Dotting the Maine countryside are small plots growing more fruits and vegetables than the farmers who work the land could ever pick. But despite this bountifulness, some of the state’s residents forgo buying produce because of tight budgets.
This is where Hannah Semler, the coordinator of the gleaning initiative for the nonprofit Healthy Acadia, steps in. Semler leads a team of volunteers to pick whatever is left after farmers have harvested as much as they can.
In Blue Hill, Amanda Provencher and Paul Schultz of King Hill Farm welcome her regularly to their fields. “We just don’t have time to pick everything we grow, so we’d just till it right back into the soil or feed it to the animals, but it’s still totally good food,” Schultz tells Seth Freed Wessler of NBC News. “Hannah is identifying a resource that we have that otherwise we just would not be utilized because there are not enough hours in the day.”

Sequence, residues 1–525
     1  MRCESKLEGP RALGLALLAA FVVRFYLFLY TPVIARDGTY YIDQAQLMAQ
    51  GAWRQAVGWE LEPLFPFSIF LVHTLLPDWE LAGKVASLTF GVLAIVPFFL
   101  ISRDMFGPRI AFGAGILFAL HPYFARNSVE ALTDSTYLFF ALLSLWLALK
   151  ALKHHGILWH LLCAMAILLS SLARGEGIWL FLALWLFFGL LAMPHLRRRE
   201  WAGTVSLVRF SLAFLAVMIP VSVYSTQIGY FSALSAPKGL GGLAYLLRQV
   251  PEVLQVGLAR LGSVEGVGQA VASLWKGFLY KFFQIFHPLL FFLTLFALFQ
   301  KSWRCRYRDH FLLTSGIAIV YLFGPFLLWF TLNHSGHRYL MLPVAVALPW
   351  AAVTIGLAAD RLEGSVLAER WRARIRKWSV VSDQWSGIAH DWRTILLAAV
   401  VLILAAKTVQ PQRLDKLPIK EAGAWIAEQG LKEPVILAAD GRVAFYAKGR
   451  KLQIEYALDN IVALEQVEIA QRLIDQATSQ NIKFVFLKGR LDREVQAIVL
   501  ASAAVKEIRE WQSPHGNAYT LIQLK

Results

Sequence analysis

At King Hill Farm and 18 other Maine farms, Semler and the volunteers for Healthy Acadia glean 30,000 pounds of food a year that would otherwise go to waste. They deliver it to food pantries for the needy and to the Magic Food Bus (sponsored by Healthy Peninsula), which delivers produce to schools and housing complexes for elderly people.
According to Wessler, about 40 percent of American crops are never harvested. Meanwhile, 15 percent of Americans are food insecure (i.e. they don’t have enough healthy food).
Rick Traub, the president of Tree of Life, a Maine food pantry that distributes food that Semler collects, tells Wessler, “Poverty here is everywhere. I go to the grocery store and the person who cashes me out, I see her the next day at the pantry. The problem of hunger in the U.S. has very little to do with a scarcity of food. There’s far more food available around here than people to eat it. The problem is really about access.”
With a team of volunteers using their time and muscle to harvest good produce that otherwise would go to waste, access to nutritious food is expanding in Maine. Let’s hope this practice spreads to other states, too.